Notice of Violation: Scott William Brewer
File No.: 9110-2018-00509
To: Scott William Brewer
Issue Date of Notice: 29 March 2021
Summary of investigation
The Canadian Radio-television and Telecommunications Commission (CRTC) is responsible for the administration of sections 6 to 46 of Canada’s Anti-Spam Legislation (the Act),Footnote1 and the Electronic Commerce Enforcement (ECE) division of the Commission investigates potential violations pursuant to the Act.
In January 2019, CRTC staff launched an investigation into a series of high-volume spam campaigns and potential violations of paragraph 6(1)(a) of the Act.
Paragraph 6(1)(a) of the Act states that it is prohibited to send or cause or permit to be sent to an electronic address a commercial electronic message (CEM) unless the person to whom the message is sent has consented to receiving it, whether the consent is express or implied.
Pursuant to section 22 of the Act, a notice of violation has been issued to Scott William Brewer for committing three violations of paragraph 6(1)(a) of the Act.
Between 1 December 2015 and 23 May 2018, Brewer sent or caused or permitted to be sent a minimum of 671,342 Commercial Electronic Messages (CEMs) without the consent of recipients.
Specifically, Brewer sent the following commercial electronic messages without express or implied consent:
- 829 CEMs between 1 December 2015 and 20 January 2016;
- 72,944 CEMs between 24 February 2016 and 20 March 2016; and,
- 597,569 CEMs between 18 May 2018 and 23 May 2018.
Additional spam campaigns have been attributed to Brewer; however, due to operational priorities and in order to maximize resource efficiency, only the three campaigns noted above were investigated.
In accordance with section 13 of theAct,Footnote2 the person who sends a CEM has the onus of proving that consent was obtained. There was no evidence obtained during the investigation to indicate that Brewer obtained the necessary consent to send CEMs.
The scope of the investigation focused on three unique spam campaigns, which have been categorized into two themes:
- Affiliate Marketing – 597,569 CEMs were sent from one email address over six days. The messages included an embedded link to casinoonlinesoftware[.]com; a blog-style website registered by Scott Brewer, promoting four online casinos that would compensate Brewer through their affiliate programs for new customers referred through casinoonlinesoftware[.]com.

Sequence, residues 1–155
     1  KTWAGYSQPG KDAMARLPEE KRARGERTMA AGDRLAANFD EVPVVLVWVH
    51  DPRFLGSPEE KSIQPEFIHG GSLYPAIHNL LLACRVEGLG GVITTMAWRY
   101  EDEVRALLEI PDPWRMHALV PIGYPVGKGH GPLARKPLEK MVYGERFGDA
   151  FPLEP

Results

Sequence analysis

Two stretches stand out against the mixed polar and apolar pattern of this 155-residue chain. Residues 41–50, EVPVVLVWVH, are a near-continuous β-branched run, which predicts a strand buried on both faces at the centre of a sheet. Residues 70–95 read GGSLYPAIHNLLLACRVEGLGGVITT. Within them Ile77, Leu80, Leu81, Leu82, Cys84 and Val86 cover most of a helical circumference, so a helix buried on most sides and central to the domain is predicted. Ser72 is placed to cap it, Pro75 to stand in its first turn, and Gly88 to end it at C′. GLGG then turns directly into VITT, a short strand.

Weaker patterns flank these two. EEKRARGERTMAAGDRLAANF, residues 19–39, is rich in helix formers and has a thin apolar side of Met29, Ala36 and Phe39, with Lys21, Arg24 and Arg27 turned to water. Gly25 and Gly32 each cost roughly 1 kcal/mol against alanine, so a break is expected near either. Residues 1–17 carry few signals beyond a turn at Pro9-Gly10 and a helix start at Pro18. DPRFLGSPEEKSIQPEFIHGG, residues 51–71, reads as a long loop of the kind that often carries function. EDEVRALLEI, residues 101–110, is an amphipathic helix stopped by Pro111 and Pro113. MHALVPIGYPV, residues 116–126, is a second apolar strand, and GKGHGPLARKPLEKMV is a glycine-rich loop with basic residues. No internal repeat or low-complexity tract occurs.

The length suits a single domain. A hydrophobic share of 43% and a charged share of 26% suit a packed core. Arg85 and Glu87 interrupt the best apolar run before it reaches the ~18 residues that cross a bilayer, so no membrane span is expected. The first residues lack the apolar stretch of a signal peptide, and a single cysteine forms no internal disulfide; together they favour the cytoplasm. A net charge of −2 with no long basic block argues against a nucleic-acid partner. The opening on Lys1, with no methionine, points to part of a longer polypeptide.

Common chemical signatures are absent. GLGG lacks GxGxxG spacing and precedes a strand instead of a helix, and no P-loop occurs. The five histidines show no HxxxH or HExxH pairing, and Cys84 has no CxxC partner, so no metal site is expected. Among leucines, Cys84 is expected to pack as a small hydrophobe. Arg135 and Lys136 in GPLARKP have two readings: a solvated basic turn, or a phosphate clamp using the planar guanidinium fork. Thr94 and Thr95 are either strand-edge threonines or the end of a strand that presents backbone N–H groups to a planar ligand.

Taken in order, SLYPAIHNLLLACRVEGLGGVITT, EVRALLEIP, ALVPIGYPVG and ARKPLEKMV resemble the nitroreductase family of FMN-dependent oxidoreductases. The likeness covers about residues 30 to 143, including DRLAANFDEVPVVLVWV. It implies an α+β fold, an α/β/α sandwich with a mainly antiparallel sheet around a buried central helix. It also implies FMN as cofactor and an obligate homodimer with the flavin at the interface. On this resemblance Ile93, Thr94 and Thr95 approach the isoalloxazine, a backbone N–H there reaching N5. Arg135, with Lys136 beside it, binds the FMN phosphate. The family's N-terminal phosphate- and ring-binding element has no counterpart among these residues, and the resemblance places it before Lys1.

- Web Marketing – 73,773 CEMs were sent from two email addresses over a period of approximately four months. The messages promoted Scott Brewer’s services for online marketing and webpage development.
There were 671,342 records in the Spam Reporting Centre (SRC),Footnote3 which contained information attributable to Brewer, including phone numbers, mailing addresses, domains, email addresses and IP addresses. Evidence was gathered from a variety of sources, in Canada and abroad, which support the conclusion that Brewer was responsible for sending or causing or permitting the non-compliant CEMs to be sent.
All of the CEMs in the above-noted campaigns were sent using alias email addressesFootnote4 from major email service providers, which investigators were able to attribute to Brewer.
Evidence reviewed during the investigation demonstrated that Brewer registered and hosted the domains which were being promoted in the CEMs. Investigators also identified other indicators of non-compliance, including several mailing lists and millions of records of failed email delivery attempts. Conversely, no exculpatory evidence, such as records of consent, was found.
Brewer used a hailstorm-type spam technique to send a high volume of CEMs, particularly in relation to the Affiliate Marketing campaign, where 597,569 CEMs were sent in less than one week.
In hailstorm spam campaigns, email messages are sent out in a very high volume over a short time span and may end before the fastest traditional anti-spam defenses can update in response.
Corroborating information reviewed during the investigation indicated that Brewer may have been responsible for sending, causing or permitting to be sent, several million non-compliant CEMs. During a sample period in the investigation, approximately 11 million emails were sent from Brewer’s IP address over a 24 day period.
Information and evidence to support this investigation was gathered from multiple sources, including Notices to Produce pursuant to section 17 of the Act, and provided reasonable grounds to believe, that through the three spam campaigns, Scott William Brewer sent the 671,342 CEMs without consent, representing three violations of paragraph 6(1)(a) of the Act.
Based on the information gathered in the investigation, the Director of the Electronic Commerce Enforcement division has issued a Notice of Violation, including an administrative monetary penalty of $75,000 to Scott William Brewer.
A person who is served with an NOV has the opportunity to make representations before the Commission with respect to the amount of the penalty or the alleged violations pursuant to sections 24 and 25 of the Act, and may further bring an appeal in the Federal Court of Appeal from a decision rendered by the Commission pursuant to section 27 of the Act. As a result and at this time, the above-mentioned information constitute allegations made by persons designated by the Commission pursuant to section 14 of the Act.
A person who is served with an NOV has also the opportunity to enter into an Undertaking in connection to these acts and omissions pursuant to subsection 21(4) of the Act, under the conditions provided by subsection 21(2) of the Act.
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